Employers, insurers and advisers must help to bridge the NHS gap

As the backlog within the NHS continues to grow, RedArc, the nurse-led health and wellbeing service, explains that employers, insurers and advisers have a role to play in helping people navigate the system and bridge the gap. People need to know what is available, what to ask for, and the best ways to access care efficiently.

Christine Husbands commercial director for RedArc, says: “It is about making the most of the NHS, protecting it where possible by providing alternatives but also ensuring that people get the care they need as quickly as possible. This does not have to mean paying for expensive procedures or treatments, it is often a case of giving someone the knowledge they need to make the most of what is available.”

Record numbers waiting for treatment

The latest data release1 from NHS England shows a record 7 million people are waiting for treatment.

Bridging the gap

There are ways to bridge the gap while people wait for care, and employers, insurers and advisers can help. While a GP is likely to still be the first port of call, employers, insurers and advisers can, for instance offer people access to the support of a mental health nurse, until the necessary structured therapy becomes available on the NHS.

It is also vital that people know how to navigate the NHS system, which most people don’t. Organisations can assist their employees and customers by giving them access to experts. Specialists will understand the process, options, and how to make the most of the NHS, this might include knowledge of the right questions to ask to the right people how to get medical aids, or local facilities to help with pain or symptom management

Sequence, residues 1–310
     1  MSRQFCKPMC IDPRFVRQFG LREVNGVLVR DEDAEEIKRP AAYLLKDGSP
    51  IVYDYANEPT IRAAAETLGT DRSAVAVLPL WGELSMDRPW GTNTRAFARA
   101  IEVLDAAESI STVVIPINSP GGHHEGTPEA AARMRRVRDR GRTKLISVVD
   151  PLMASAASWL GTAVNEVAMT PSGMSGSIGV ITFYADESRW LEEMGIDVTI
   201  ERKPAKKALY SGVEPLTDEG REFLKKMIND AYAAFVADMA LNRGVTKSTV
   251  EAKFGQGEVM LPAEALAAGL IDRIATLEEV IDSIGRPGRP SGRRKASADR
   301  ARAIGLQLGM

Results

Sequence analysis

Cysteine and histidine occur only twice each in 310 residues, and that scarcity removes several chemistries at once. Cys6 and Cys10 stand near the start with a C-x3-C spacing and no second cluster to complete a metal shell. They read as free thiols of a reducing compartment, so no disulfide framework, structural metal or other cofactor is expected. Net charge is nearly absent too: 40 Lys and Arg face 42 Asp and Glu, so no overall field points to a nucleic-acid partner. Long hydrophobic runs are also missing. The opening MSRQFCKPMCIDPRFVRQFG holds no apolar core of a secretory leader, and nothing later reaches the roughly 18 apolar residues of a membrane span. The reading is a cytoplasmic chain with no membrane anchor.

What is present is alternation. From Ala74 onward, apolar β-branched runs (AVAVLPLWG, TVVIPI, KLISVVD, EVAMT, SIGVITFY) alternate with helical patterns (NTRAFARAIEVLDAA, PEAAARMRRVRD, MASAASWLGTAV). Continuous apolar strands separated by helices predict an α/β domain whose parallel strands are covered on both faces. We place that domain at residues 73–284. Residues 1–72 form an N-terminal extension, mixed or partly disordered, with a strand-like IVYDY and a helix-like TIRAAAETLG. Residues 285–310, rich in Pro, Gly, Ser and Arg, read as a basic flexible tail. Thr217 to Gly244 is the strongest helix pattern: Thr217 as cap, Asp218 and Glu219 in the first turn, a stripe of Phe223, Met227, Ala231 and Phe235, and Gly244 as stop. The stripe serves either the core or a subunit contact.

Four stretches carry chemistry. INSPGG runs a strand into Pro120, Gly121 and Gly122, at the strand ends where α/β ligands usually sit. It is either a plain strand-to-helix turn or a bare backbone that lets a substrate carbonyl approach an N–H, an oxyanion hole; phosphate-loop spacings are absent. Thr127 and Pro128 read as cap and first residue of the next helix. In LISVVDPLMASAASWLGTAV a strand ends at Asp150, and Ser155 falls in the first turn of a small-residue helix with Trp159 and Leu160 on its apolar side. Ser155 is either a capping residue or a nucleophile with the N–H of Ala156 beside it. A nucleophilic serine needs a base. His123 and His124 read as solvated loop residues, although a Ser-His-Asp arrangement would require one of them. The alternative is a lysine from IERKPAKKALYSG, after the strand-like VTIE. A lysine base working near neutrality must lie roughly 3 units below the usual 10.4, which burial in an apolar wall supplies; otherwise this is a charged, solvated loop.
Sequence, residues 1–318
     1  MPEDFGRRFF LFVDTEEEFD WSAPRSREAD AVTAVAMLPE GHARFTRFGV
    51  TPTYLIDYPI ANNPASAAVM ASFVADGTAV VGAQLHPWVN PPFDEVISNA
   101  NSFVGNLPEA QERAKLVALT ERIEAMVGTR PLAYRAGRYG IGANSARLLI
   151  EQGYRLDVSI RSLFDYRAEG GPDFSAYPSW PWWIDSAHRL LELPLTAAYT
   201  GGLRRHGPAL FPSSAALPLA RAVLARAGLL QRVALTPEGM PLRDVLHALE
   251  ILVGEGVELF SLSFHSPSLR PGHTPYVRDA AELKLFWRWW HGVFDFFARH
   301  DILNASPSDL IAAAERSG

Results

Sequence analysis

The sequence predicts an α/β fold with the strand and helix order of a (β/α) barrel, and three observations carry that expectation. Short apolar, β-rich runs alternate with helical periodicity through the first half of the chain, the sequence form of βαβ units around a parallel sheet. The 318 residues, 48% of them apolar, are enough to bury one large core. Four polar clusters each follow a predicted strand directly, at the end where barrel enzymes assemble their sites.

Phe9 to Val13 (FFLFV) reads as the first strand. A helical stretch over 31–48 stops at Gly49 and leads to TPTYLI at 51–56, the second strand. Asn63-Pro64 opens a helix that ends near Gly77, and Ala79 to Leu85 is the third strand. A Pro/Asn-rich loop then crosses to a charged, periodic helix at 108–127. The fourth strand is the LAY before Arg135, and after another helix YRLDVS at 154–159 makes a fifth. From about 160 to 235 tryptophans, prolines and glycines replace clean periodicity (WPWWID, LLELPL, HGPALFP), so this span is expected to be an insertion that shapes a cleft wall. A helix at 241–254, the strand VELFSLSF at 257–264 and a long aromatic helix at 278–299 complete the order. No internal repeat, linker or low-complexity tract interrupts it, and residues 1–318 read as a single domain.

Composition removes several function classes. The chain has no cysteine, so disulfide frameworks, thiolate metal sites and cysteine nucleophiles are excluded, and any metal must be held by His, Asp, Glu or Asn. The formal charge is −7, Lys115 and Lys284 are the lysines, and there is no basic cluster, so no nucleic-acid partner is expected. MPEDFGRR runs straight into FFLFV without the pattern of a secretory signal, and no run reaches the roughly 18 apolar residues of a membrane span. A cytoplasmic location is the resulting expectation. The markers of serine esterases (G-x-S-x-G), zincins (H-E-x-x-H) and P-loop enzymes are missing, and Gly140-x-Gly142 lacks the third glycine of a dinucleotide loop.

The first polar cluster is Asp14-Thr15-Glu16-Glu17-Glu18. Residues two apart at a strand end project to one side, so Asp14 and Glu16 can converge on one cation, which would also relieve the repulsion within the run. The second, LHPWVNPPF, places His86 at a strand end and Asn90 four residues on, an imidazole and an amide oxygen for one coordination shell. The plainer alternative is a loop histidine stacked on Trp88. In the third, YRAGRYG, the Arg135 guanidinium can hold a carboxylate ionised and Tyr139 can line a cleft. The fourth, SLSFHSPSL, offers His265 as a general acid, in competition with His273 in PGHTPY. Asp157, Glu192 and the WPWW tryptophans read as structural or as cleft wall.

Christine Husbands continued: “There are many aspects of the NHS that the average person simply does not know about. Some of the most help we give people is helping them to understand what support is available and how to access it.”

For example, a ‘care package’ is the plan of services often offered to someone after a spell in hospital. However, until someone is in the position of needing this, either for themselves or a loved one, they are unlikely to even be aware of them, let alone how the system works. In some areas, a community matron, who can write prescriptions, may provide an alternative to asking a GP for home visits but people need to know about the services available in their area to be able to access them.

Help available

For someone with a serious or long-term illness, having a trusted professional alongside them to take the strain out of finding and accessing care can remove a huge burden. There are many support networks in place for people with cancer, diabetes, etc, and for those caring for the sick or elderly, but often people are thrown into these situations with no prior knowledge and having a guide to the system and the options available locally to them can offer great comfort.

Christine Husbands says: “Understanding the options is an important part of making the most of the NHS and employers, insurers and advisers can provide access to specialists to guide people through the different routes. Knowledge, guidance and support can assist an individual in their recovery and rehabilitation, lead to better health outcomes, and facilitate quicker returns to work. They also play a huge part in reducing stress and anxiety about accessing care.”


  1. The latest data release from NHS England shows:
  • around 7.20 million people waiting for treatment;
  • a record high of 3.1 million of these patients waiting over 18 weeks;
  • 406,035 of these patients waiting over a year for treatment – which is around 239 times the number of people waiting over a year pre-pandemic in December 2019.